Pragmatic constraints do not prevent the co-activation of alternative names: Evidence from sequential naming tasks with one and two speakers
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SourceLanguage, Cognition and Neuroscience, 35, 8, (2020), pp. 1073-1088
Article / Letter to editor
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Language, Cognition and Neuroscience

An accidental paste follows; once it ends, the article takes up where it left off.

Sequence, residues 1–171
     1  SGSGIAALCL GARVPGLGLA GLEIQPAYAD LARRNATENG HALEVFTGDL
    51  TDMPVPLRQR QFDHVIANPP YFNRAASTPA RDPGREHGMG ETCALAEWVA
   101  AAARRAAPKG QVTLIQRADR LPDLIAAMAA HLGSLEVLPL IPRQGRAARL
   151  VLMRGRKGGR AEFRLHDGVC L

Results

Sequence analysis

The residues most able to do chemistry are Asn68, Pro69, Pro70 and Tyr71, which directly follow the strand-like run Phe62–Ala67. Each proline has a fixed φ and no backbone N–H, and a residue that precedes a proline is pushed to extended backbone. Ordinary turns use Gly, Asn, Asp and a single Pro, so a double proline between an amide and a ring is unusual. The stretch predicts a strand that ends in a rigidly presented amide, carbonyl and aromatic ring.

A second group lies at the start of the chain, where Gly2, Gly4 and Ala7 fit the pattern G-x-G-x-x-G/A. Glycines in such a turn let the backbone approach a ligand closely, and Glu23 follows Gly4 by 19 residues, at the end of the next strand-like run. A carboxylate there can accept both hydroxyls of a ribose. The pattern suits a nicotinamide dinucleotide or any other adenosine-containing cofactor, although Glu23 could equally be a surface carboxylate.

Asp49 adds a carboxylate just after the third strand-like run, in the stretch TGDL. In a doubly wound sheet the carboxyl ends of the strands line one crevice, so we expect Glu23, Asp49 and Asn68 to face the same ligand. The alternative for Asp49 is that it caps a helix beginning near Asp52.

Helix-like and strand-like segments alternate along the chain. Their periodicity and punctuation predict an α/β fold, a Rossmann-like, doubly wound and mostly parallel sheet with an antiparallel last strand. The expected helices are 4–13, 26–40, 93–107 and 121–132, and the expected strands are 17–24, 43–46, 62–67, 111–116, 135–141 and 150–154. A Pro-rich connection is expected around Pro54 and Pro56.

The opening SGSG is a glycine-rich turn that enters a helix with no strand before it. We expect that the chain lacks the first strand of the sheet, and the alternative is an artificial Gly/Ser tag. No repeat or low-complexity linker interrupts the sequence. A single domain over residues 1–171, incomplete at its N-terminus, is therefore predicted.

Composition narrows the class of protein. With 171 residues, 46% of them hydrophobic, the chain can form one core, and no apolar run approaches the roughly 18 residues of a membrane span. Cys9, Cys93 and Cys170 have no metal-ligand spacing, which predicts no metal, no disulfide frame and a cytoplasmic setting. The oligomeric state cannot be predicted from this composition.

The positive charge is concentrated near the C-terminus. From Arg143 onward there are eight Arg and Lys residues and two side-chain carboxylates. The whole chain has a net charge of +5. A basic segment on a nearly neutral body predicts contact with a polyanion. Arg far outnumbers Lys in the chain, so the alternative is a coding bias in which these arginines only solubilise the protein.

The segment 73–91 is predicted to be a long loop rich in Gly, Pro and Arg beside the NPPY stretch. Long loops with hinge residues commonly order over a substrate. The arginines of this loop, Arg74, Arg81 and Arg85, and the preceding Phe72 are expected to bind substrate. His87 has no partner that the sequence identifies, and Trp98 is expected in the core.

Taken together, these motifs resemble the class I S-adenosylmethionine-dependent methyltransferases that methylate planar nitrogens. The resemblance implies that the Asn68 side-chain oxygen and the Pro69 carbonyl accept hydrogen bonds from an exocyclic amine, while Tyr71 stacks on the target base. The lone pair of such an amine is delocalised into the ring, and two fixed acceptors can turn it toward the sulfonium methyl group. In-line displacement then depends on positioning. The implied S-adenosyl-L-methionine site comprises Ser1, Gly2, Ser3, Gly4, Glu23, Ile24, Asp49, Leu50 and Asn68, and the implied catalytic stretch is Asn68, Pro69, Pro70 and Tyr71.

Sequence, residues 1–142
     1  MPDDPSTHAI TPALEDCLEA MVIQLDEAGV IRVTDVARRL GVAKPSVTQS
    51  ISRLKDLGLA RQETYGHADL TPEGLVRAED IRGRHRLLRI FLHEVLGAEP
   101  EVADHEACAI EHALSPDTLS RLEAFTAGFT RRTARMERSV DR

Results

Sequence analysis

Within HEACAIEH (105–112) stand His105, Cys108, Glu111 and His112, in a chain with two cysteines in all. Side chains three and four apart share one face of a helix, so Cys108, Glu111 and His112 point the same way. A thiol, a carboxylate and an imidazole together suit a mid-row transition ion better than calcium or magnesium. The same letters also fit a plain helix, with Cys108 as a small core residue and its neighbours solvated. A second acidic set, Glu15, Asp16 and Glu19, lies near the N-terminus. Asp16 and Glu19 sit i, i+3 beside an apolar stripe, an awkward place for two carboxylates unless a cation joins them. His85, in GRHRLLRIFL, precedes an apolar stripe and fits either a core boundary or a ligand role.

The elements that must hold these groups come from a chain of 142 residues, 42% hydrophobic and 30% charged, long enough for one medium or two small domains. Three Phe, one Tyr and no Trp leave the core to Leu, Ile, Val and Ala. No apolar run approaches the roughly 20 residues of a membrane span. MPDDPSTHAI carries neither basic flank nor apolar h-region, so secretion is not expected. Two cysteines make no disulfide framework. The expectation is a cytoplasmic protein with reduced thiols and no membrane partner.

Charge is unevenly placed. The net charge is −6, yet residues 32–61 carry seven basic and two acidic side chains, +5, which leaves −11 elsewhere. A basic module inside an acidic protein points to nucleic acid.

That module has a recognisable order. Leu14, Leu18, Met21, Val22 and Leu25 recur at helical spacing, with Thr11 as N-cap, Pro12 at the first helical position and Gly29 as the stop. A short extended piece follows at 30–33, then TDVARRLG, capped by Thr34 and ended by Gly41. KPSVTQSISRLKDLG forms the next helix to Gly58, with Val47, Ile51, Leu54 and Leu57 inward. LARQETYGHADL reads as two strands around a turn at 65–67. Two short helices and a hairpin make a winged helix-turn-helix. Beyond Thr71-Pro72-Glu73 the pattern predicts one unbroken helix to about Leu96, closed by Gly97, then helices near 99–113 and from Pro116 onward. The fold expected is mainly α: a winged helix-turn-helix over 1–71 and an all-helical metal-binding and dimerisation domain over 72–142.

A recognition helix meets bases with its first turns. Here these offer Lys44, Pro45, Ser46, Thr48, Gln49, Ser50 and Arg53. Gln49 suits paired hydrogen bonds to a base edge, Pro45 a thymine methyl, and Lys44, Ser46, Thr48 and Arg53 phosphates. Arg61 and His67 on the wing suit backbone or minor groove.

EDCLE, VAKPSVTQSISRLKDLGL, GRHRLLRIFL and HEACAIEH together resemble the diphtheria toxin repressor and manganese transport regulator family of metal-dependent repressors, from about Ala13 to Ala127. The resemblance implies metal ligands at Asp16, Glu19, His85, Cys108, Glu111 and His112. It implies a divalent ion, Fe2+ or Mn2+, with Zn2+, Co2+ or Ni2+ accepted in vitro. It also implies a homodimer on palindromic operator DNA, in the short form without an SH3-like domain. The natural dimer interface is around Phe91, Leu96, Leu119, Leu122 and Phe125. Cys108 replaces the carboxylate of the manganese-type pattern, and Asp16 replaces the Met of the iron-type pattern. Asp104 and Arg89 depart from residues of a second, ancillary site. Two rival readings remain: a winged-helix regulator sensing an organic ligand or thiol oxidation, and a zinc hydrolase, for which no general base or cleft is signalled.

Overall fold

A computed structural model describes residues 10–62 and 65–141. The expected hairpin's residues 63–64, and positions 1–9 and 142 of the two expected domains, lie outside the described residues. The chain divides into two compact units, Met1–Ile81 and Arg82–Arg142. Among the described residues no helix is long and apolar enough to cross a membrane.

We investigated whether the phonological co-activation of alternative names in picture naming (e.g. "fish" for target "shark") is reduced by contextual constraints which render them inappropriate. In the constraining context, the target naming response was preceded by a naming response to an object from the same category (e.g. an eel) which remained visible during target naming. Therefore, use of the alternative target name "fish" would result (a) in an ambiguous response because of the visual context and (b) in a pragmatically odd response because of the previous naming response. In Experiment 1 the context pictures were named by the participants themselves and in Experiment 2 by a communication partner. In both experiments, interference from distractor words phonologically related ("finger") versus unrelated ("book") to the alternative name was observed regardless of context. This finding indicates limited flexibility in lexical activation during speech planning.
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